This is the fourth installment of a five-part blog series on scaling environmental entrepreneurship in emerging markets. In this series, experts in the field provide insights on how business accelerators, technical assistance providers, investors, and the philanthropic community can work with developing market entrepreneurs to increase their economic, environmental, and social impacts. Read the rest of the series.
What do development banks, impact investment funds, foundations, and business accelerators have in common? Each of these organizations plays a significant role in supporting entrepreneurs in developing countries, including those who are trying to solve environmental problems through commercial enterprises.
But in most cases, these groups have traditionally occupied distinct niches in the support they provide. Development banks specialize in providing businesses with grants, loans, and technical assistance; impact investors provide debt or equity at market or near-market rates; foundations channel their philanthropy to create change; and business accelerators help entrepreneurs hone their business skills and attract investors.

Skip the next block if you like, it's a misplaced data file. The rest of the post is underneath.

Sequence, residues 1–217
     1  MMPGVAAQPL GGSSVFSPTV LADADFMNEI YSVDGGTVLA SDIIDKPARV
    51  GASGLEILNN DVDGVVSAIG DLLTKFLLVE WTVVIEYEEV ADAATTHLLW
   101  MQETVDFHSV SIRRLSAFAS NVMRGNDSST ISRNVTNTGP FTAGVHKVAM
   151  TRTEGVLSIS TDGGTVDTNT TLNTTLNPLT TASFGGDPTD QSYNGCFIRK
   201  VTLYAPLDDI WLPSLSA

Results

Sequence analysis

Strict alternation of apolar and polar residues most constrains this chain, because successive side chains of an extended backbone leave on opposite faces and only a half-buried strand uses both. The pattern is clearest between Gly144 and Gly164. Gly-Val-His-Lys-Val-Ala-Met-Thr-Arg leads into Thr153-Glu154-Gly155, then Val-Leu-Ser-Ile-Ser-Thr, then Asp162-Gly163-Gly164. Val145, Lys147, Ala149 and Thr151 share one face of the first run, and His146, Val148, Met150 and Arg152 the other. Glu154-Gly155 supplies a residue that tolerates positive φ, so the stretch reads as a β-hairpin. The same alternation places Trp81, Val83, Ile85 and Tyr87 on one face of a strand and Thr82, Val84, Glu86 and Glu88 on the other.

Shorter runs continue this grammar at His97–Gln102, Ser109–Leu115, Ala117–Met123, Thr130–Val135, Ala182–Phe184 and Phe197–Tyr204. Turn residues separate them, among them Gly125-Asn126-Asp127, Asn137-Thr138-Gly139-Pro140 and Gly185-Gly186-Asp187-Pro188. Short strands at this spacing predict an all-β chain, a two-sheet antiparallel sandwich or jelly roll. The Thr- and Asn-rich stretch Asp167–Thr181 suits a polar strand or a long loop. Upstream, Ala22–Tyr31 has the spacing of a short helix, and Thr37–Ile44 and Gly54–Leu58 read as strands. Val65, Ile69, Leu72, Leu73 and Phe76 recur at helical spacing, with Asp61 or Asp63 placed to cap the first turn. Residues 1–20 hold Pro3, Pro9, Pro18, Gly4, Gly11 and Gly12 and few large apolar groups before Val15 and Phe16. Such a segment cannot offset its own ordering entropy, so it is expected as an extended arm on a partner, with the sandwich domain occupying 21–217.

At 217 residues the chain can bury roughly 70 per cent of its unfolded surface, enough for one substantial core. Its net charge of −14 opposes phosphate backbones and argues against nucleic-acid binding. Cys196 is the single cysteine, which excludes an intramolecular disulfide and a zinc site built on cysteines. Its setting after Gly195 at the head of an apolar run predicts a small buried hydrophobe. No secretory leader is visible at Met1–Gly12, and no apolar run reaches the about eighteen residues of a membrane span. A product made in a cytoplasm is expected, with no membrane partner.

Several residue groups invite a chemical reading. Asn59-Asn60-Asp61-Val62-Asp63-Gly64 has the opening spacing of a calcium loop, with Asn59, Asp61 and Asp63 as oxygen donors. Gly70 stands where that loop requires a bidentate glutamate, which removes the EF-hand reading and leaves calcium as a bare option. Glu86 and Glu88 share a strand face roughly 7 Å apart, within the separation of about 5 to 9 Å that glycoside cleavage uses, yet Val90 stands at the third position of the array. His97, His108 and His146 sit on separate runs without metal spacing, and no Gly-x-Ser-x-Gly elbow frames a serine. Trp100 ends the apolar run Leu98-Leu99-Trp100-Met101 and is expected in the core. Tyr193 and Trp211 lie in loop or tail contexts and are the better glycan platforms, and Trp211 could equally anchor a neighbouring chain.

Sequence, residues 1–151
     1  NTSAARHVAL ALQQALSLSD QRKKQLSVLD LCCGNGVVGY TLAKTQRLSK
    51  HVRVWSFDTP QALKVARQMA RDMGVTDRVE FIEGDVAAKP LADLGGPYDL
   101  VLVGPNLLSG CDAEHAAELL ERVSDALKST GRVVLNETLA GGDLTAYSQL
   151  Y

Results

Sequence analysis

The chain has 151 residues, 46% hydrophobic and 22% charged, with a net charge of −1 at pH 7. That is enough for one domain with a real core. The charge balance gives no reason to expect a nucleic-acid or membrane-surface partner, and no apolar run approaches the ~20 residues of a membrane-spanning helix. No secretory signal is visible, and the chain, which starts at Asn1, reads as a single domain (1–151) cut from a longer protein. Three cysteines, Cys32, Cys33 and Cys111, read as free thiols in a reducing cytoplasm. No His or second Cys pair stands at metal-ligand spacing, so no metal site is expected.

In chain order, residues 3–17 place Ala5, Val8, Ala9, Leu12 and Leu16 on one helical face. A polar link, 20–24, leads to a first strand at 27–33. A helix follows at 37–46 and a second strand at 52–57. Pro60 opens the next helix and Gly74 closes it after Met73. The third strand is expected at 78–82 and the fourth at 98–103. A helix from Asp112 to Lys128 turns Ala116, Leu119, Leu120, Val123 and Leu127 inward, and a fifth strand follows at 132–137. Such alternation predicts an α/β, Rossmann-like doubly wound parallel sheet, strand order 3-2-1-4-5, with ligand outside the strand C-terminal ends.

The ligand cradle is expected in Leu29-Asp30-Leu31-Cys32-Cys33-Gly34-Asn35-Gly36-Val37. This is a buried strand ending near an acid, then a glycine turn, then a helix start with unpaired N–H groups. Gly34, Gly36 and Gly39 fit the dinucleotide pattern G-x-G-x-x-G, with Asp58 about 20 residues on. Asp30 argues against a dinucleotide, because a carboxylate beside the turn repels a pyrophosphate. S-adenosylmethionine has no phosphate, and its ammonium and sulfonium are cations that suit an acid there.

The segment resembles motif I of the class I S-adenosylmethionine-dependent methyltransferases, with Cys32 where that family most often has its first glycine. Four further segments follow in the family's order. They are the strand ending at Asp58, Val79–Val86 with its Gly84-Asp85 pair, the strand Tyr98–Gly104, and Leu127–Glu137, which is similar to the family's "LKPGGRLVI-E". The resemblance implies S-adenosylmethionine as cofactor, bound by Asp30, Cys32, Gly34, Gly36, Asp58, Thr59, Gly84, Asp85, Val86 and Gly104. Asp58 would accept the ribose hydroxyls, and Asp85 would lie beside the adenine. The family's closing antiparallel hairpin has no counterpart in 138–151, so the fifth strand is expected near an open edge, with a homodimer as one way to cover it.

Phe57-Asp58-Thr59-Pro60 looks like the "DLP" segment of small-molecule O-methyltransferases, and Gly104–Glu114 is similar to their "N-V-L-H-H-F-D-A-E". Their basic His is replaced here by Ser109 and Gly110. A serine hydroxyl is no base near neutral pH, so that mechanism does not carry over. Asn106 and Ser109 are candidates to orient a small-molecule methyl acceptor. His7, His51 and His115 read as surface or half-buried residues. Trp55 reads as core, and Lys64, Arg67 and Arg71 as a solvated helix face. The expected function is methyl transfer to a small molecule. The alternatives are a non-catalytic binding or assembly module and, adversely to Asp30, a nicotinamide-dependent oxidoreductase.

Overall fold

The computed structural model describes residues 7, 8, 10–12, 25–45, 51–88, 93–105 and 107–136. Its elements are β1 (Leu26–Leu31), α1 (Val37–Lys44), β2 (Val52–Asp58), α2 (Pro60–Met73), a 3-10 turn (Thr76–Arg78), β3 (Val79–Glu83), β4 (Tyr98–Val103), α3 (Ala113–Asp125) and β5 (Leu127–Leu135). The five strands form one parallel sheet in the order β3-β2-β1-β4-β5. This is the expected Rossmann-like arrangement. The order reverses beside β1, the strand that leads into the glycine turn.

What would happen if these groups worked more closely together? As we discussed at a recent WRI event, if organizations were able to combine their respective strengths, entrepreneurs could capture greater benefits than if groups work alone.
Industry Organizations Have Real Opportunities to Play Together and Enhance their Impact
WRI recently brought together entrepreneurs and industry experts from development banks, impact investing firms, and business accelerators at the launch event for our publication, Voices of the Entrepreneurs. As panelists discussed the ways in which their individual organizations helped environmental entrepreneurs overcome challenges, one audience member interrupted with a clear call to action: How could you accelerate the success of entrepreneurs by bringing together a hybrid of investment capital, grant capital, and accelerator support?